Most gamers probably know Hideo Kojima as the father of Metal Gear Solid, and more recently as the father of whatever the heck Death Stranding is going to be. However, not many people know that after he released the first Metal Gear game, he went on to create an incredibly unique adventure game called Snatcher. Snatcher was essentially a point-and-click adventure game converted onto a console that almost entirely consisted of 80’s movie references. More importantly, much of Metal Gear Solid’s story is based on many of the themes, locations, and people found within Snatcher. Kojima later went on to create Policenauts, another equally crazy adventure game for the PlayStation about retired police officers from space that unfortunately never found its way over in the West (at least until a recent fan translation was released).
The reason I bring these two games up is because they featured a very unique style of game. The style in question is a mix between visual novel and puzzle game, and is exactly that which Midboss’ 2064: Read Only Memories is entirely based on. Obviously, there were other games that presented this style of game, like Gabriel Knight or The Silver Case, but Snatcher is the one that I personally grew up with. Naturally, I am interested to see if Read Only Memories lives up to its pedigree.
Hayden Webber, a prominent computer engineer and your friend, has been kidnapped and you are the only one willing to look for him. Joining you is Turing, a ROM, or Relationship Organizational Manager, who just happens to be the very first ever sapient machine created by Webber. The story isn’t exactly going to win any prizes, but the world you explore is nothing short of incredible. Your investigation will bring you all over the city of Neo San Francisco as you solve puzzles, fight baddies, and meet and converse with a multitude of interesting characters.
These characters actually represent the biggest, and probably most important theme that Read Only Memories is trying to convey. Neo San Francisco is a city in which people can augment themselves in any way whatsoever. In fact, it is a major plot point that the country is up in arms over whether or not augmenting yourself destroys your own humanity. Some folks may give themselves cat ears for fun, while others augment themselves in ways to save their lives. You will meet characters who are for and against this, and the developer actually does an awesome job of making it completely ambiguous on whether or not you should agree with one person or another. It’s a player-based morality that the game actually does reflect in small ways based on how you talk to these people and understand their own individual quirk.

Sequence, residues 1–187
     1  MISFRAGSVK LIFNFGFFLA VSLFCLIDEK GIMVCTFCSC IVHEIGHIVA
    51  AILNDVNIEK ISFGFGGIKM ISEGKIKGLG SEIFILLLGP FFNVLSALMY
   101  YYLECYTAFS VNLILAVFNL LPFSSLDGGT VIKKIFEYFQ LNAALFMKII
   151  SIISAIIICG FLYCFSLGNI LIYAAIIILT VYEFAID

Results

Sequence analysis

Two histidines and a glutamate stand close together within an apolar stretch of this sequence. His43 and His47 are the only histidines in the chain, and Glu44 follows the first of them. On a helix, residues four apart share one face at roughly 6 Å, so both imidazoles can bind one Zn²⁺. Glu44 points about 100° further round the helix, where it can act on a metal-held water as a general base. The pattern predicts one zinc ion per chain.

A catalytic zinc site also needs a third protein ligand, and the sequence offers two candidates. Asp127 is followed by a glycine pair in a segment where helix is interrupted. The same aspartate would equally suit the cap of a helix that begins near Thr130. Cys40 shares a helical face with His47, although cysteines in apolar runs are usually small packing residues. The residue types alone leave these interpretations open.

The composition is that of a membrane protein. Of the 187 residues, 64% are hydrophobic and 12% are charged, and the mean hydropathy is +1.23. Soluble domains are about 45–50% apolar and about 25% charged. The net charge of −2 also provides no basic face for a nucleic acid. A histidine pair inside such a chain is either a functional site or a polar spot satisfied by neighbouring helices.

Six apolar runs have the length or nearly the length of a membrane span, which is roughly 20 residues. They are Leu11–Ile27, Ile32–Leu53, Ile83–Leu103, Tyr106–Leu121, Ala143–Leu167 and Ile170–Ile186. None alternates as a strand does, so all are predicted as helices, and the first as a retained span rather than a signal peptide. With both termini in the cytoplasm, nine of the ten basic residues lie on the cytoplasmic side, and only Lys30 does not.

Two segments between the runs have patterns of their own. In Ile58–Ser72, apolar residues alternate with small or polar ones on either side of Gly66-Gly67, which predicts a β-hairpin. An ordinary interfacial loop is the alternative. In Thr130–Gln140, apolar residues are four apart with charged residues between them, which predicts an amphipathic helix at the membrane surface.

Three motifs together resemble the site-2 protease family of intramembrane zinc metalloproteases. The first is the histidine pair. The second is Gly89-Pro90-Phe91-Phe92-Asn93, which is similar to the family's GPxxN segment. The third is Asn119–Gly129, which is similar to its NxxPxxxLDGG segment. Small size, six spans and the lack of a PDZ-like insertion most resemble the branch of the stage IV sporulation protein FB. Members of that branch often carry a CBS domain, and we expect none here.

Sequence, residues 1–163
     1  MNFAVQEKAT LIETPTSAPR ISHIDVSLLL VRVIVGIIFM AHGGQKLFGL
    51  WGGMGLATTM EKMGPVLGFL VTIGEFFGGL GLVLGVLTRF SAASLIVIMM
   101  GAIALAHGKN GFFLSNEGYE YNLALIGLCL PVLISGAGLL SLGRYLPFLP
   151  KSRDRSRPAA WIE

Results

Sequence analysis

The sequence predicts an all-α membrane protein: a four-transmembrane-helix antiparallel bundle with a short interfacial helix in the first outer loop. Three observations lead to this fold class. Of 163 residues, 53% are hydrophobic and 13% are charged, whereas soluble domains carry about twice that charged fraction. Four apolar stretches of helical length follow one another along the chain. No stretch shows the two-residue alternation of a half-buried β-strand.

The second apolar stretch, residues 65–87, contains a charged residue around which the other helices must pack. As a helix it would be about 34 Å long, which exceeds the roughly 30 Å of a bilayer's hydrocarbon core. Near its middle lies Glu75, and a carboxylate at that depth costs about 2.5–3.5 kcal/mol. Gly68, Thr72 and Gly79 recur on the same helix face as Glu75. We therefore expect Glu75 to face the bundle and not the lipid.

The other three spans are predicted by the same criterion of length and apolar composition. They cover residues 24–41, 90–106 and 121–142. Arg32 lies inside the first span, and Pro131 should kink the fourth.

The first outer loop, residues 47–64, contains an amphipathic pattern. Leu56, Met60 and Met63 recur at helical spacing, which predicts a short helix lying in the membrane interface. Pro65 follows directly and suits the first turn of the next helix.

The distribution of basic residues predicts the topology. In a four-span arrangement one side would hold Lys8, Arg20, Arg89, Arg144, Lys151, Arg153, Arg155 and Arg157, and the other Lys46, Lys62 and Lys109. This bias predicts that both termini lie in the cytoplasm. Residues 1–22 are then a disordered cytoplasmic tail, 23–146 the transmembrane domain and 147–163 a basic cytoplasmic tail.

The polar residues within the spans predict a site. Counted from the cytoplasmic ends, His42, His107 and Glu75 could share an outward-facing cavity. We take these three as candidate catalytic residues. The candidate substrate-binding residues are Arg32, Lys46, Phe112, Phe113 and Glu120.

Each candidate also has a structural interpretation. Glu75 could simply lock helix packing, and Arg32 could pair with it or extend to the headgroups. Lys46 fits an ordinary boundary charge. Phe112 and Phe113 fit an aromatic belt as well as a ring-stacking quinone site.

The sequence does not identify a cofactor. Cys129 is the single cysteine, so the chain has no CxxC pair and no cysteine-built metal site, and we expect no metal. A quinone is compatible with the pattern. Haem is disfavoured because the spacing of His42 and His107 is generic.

Gameplay-wise, expect to be clicking on everything and talking to everyone. Read Only Memories does not try to hide the fact that it is a story-driven game. Even the challenges you are presented with are never particularly difficult. While some dialogue is optional, most of your progression in the game is made by exhausting all of the topics in conversation with important characters that your map diligently tells you to visit. You will likely find yourself enjoying doing so, however, as most of the characters are a delight to talk to and feature their own unique personalities and great writing. Even some of the optional conversations, like discovering Turing’s deep-seated love for Bob Ross and how she downloaded and stored every single episode of The Joy of Painting, are just lovely to read.
Being a point-and-click adventure game, there are some puzzles to contend with, though they are usually very self-contained within the location you find them. You’re never going to have to find a rubber chicken with a pulley in it or collect acid at the beginning of the game and save it until the very end. In fact, whenever there is a puzzle to contend with, Turing will often railroad you into the solution, ensuring you are never stuck for long. Outside of puzzles there is also combat, though it happens pretty rarely. The combat is completely lifted from Snatcher, where you are essentially playing a game of whack-a-mole. You are given a 9×9 grid and enemies seemingly appear at random in each spot at which point you promptly shoot them. Basically, Read Only Memories is not a particularly hard game to complete, but it is fun for what it is.
Now, at this point, you may be wondering why I’m reviewing a near-two-year-old game. That’s because a brand new update has been released that changes everything up. The 2064 update completely revitalizes the game by rewriting some of the dialogue, changing up the original puzzles, and most notably adding voice acting. While the most well-known voice actor you will find here is probably Dave Fennoy as the narrator, you are likely to find someone from popular internet culture that you love. Everyone from YouTube musician Nathan Sharp to Giant Bomb’s Dan Ryckert makes an appearance in this game now. If there are any other Snatcher fans out there, Jeff Lupetin, Gillian Seed himself, even shows up at one point. Unfortunately, the inclusion of some people who aren’t actually voice actors might make some of the dialogue seem a little awkward, but it is still really cool to see all of these people come together in support of this game.
Ultimately, 2064: Read Only Memories is a competent and solid love letter to games like Snatcher and Policenauts. I would have loved to see more challenge in its gameplay, and perhaps more development in the overall story. But, what we have here is a wonderfully written visual novel about being who you want to be. Anyone looking for a nice and uplifting read should definitely check this one out.
REVIEW CODE: A complimentary PC code was provided to Brash Games for this review. Please send all review code enquiries to firstname.lastname@example.org.
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